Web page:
The foundation of the Turkish republic in 1923, was accompanied by political, social and religious reforms. In daily life Turkish people were imposed a new lifestyle. This abrupt way of policy-making was accepted by the State and it started to make radical changes. Some radical changes were the alphabet revolution (Latin alphabet was introduced to replace the Arabic alphabet), ‘dress and appearance laws’ and the introduction of the nation state. The aim was to catalyze a more modern and Western way of lifestyle. To be able to realize this fictionalized nation state, the regime did not allow any opposition, not in politics nor in social or religious life. At school children were taught that the neighboring countries of Turkey were enemies. All differences were labeled as bad and were persecuted: no ethnical groups, no religious diversity, no different opinions. In other words: there was no different color, only grey.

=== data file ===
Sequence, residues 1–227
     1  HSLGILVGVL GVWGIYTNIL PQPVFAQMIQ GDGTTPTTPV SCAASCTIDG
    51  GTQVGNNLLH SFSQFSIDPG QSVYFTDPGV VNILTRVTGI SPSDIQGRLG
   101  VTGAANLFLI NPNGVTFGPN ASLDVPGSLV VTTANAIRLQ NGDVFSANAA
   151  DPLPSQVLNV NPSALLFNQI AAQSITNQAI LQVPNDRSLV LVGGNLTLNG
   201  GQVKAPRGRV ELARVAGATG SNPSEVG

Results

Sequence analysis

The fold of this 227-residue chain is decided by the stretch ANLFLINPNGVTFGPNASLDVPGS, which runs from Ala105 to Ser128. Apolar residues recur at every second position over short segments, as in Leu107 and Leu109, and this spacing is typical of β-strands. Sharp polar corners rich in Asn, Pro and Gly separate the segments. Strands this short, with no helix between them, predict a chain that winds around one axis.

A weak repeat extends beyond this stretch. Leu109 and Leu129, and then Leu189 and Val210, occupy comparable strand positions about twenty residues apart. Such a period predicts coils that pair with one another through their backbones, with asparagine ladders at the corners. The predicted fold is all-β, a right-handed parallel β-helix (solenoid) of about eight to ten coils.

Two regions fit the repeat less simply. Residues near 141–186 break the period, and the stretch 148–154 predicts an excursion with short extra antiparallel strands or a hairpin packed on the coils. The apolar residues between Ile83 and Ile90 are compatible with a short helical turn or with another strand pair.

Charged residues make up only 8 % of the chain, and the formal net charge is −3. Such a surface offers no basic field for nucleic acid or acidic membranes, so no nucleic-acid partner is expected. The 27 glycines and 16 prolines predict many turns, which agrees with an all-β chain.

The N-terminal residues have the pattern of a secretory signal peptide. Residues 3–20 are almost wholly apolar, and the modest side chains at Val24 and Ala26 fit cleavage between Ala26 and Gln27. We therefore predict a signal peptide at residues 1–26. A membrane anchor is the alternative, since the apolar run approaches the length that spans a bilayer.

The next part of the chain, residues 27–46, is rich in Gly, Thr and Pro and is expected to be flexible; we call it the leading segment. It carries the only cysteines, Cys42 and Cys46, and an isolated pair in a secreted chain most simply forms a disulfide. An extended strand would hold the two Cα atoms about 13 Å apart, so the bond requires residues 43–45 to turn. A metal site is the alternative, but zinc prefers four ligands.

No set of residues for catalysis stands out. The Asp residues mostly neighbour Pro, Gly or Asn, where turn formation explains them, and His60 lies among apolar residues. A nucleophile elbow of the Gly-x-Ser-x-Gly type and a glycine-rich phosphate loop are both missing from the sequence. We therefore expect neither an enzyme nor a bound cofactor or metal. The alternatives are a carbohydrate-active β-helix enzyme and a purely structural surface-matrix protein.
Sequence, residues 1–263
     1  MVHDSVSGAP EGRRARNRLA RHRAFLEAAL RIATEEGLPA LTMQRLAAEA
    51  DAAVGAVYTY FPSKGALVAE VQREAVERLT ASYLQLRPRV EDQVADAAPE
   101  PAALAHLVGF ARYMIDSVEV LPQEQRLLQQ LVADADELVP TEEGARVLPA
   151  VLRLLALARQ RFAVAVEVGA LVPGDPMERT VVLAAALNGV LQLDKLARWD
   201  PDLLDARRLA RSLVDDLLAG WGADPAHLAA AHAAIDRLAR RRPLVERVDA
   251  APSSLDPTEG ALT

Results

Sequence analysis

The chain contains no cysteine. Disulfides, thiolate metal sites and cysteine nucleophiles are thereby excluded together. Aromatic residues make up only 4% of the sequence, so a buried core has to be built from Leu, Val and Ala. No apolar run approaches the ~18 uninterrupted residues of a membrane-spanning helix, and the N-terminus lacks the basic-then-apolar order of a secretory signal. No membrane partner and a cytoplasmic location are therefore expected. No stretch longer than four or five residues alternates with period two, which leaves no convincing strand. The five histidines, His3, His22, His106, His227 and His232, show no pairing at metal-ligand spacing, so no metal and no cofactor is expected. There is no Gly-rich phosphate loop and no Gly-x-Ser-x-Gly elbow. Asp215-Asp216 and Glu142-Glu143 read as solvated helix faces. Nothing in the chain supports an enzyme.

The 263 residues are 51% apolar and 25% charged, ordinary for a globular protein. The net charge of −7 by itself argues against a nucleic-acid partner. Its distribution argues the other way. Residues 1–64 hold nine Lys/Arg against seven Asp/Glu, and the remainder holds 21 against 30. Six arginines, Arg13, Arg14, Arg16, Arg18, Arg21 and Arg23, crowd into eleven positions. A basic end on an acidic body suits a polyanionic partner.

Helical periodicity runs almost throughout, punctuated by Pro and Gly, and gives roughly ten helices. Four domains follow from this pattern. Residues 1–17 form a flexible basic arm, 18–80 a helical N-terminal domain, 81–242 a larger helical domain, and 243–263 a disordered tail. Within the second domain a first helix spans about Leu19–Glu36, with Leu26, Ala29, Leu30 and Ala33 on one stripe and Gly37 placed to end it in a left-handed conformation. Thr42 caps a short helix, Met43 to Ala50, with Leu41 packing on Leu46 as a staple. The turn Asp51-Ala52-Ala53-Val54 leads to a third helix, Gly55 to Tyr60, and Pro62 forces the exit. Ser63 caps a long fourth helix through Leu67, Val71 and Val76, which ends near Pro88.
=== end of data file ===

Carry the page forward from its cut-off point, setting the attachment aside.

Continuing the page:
These fictionalized policies had several consequences: staged elections and several post-republic military coups. These interventions were to suppress and reset communities with different political or religious views.
According to the French philosopher Bourdieu, it would be an illusion to write a complete, smooth and perfect history. With this project, I have tried to look at and visualize Turkish history through a triangle of memory, representation and identity.
I have used archive photos, which I found in Istanbul, and photos I have made of textures and objects. I have combined these two works by integrating them through collage technique. I have tried to show how the State wanted their citizens to become: all monotypes colored blank. Because the State, in its most extreme character, used the military coup as an instrument, I also have used photos of soldiers. The grey colored portraits symbolize how the State imposed and to some extend succeeded to create a monotypic Turkish citizen.